Chapters 14-17 of John’s gospel are some of the most important in the New Testament. These are the last teachings and instructions of Jesus to his disciples before his death. The Gospel of John is unique. It shares little in common in terms of structure and content compared to the other three “Synoptic” gospels, Matthew, Mark and Luke. In John’s gospel Jesus is the “logos”, the eternal Word springing forth from the very life of God before time began, arching into the created world and into the arena of time and space; “the word became flesh.” The final chapters also expand on and elaborate the events of the “passion” (Jesus suffering and death) in a way that the three other gospels don’t. They contain the beautiful imagery of the vine and the branches and Jesus call for unity and oneness, not only between him and the disciples but among the disciples themselves so that the world would be convinced of his claims.(17:20-21)
It is the relationship of the disciples and relationships in general, that are the focus of the gospel story. Before there was a Christian Bible, i.e., the New Testament, there was a church. Before there was a book, there was a community, a set of relationships. Jesus prayed for the unity and “oneness” of all people. Great religious traditions (and physics/metaphysics) teach us that separateness is an illusion. We are all connected to a greater reality and connected to each other. This is why Jesus said things like, “As much as you’ve done it to the least of these, you’ve done it to me.” We could just as certainly say that as much as we’ve done it to the least of these, we have done it to ourselves! We are all inherently connected and so the quality of our relationships is vital to our flourishing not only as a Christian community but as a human community.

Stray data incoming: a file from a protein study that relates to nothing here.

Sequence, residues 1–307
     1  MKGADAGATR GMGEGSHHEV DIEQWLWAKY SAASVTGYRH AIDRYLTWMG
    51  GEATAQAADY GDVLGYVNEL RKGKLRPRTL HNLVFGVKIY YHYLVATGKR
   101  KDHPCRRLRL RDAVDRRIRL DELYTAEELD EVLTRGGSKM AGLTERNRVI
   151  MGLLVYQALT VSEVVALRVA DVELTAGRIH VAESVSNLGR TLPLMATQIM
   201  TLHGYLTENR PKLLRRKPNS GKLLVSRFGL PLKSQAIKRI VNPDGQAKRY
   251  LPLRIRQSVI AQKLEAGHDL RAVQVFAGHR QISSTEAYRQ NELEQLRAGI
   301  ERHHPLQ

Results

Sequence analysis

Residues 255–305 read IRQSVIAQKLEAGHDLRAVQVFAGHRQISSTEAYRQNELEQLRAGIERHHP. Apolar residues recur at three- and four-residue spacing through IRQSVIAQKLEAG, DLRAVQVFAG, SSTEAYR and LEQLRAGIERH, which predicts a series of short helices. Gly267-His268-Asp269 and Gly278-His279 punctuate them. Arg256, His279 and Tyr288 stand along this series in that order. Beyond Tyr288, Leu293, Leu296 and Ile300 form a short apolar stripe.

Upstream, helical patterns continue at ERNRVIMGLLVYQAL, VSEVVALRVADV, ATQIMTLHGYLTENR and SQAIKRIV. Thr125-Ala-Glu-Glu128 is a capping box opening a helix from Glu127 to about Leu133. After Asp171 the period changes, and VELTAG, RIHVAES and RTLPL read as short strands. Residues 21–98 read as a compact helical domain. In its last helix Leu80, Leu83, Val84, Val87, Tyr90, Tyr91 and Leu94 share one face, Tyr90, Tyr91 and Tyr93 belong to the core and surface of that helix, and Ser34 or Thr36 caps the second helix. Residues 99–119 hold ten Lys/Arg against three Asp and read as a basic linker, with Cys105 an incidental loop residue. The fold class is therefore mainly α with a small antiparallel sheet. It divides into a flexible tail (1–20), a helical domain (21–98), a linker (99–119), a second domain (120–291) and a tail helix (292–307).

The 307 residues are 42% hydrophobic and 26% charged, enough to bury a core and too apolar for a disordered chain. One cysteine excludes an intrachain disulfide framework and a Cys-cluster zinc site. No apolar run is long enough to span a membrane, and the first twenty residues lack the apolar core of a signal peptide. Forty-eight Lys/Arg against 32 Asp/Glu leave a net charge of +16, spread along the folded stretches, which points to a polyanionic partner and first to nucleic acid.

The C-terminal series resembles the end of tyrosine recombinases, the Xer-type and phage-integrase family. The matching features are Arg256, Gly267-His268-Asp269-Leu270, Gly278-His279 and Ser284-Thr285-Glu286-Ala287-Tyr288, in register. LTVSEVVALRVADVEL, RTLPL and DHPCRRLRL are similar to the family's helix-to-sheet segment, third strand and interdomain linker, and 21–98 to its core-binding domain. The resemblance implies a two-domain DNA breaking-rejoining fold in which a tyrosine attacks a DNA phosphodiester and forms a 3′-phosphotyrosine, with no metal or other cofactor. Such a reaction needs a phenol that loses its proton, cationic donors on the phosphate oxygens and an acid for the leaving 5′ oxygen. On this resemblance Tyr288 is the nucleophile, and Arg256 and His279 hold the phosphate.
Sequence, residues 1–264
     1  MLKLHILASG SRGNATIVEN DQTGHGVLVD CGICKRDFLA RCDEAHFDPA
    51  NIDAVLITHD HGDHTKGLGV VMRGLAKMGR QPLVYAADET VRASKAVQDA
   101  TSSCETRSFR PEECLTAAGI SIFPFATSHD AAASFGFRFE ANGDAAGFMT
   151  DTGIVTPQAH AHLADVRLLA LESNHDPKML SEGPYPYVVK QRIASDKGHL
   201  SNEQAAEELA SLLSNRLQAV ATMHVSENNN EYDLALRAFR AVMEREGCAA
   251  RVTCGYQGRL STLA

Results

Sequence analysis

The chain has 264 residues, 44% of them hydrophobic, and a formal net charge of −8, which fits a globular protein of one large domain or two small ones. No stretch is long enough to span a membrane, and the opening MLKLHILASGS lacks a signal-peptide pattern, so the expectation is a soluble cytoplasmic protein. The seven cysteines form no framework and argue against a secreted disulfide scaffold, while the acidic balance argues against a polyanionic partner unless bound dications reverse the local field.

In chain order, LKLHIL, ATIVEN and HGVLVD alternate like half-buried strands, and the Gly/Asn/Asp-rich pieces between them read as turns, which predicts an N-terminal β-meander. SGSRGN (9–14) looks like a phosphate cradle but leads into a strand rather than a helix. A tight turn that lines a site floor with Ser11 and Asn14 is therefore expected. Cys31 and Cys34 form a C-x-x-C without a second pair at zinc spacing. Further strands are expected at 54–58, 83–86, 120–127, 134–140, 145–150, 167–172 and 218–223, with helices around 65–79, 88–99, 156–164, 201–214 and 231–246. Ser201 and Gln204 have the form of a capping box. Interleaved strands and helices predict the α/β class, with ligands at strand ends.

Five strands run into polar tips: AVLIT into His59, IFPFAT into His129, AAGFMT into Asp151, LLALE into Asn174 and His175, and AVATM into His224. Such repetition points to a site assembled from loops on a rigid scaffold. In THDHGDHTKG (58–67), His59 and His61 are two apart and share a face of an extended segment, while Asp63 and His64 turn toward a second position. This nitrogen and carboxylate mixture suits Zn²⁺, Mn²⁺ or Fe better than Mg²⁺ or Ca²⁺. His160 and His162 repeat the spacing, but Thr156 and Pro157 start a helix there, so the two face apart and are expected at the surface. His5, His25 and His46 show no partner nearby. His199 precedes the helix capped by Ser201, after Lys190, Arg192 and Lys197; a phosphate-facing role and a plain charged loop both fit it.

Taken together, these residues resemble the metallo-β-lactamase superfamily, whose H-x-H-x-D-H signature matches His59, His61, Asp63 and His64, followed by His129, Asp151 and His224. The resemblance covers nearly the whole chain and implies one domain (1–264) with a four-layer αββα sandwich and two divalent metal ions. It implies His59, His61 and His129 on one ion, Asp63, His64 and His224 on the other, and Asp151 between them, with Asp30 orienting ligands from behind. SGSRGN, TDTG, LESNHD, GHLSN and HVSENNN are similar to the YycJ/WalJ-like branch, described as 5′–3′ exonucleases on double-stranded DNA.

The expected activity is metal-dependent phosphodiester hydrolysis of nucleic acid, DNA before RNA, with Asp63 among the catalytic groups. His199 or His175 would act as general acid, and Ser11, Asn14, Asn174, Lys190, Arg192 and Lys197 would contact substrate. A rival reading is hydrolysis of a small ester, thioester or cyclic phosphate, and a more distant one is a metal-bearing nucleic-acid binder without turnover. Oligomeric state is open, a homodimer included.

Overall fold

Connection and relationships are part of the tapestry of being itself. Martin Buber, the Jewish Philosopher wrote about this beautifully in his classic book “I and Thou.” Human beings cannot be happy and healthy outside of healthy relationships. Our relationships serve as a mirror through which we can see ourselves for who we really are. It’s also true that we not only come to know ourselves but to know God better through authentic, honest and caring relationships. This is the whole point of a Christian community. It’s not that the relationships in a spiritual community are conflict free and void of all the normal, human, ego driven dysfunction that is part and parcel of being a human being, but the goal should always be for the oneness in Christ which more and more bonds our spirits together and makes us one with each other. This must have been important for Jesus to have saved this teaching for the very end of his earthly life. When we read it now, it almost seems like such an ephemeral and out of reach goal for mere mortals to achieve. It is only through the power and presence of the spirit that anything approaching this ideal is achievable. It is only because we have each been made in “the image of God” and share in the very nature of God that it is possible. During our Lenten journey we go deeper, dig deeper and find ways to be more connected with the spirit, with God, with reality and with each other, not just as some narcissistic, spiritualized goal but that “the world” might see the beauty of the unity and be inspired and find hope. Take time in the next few weeks to read John Chapters 14-17. You will be inspired too.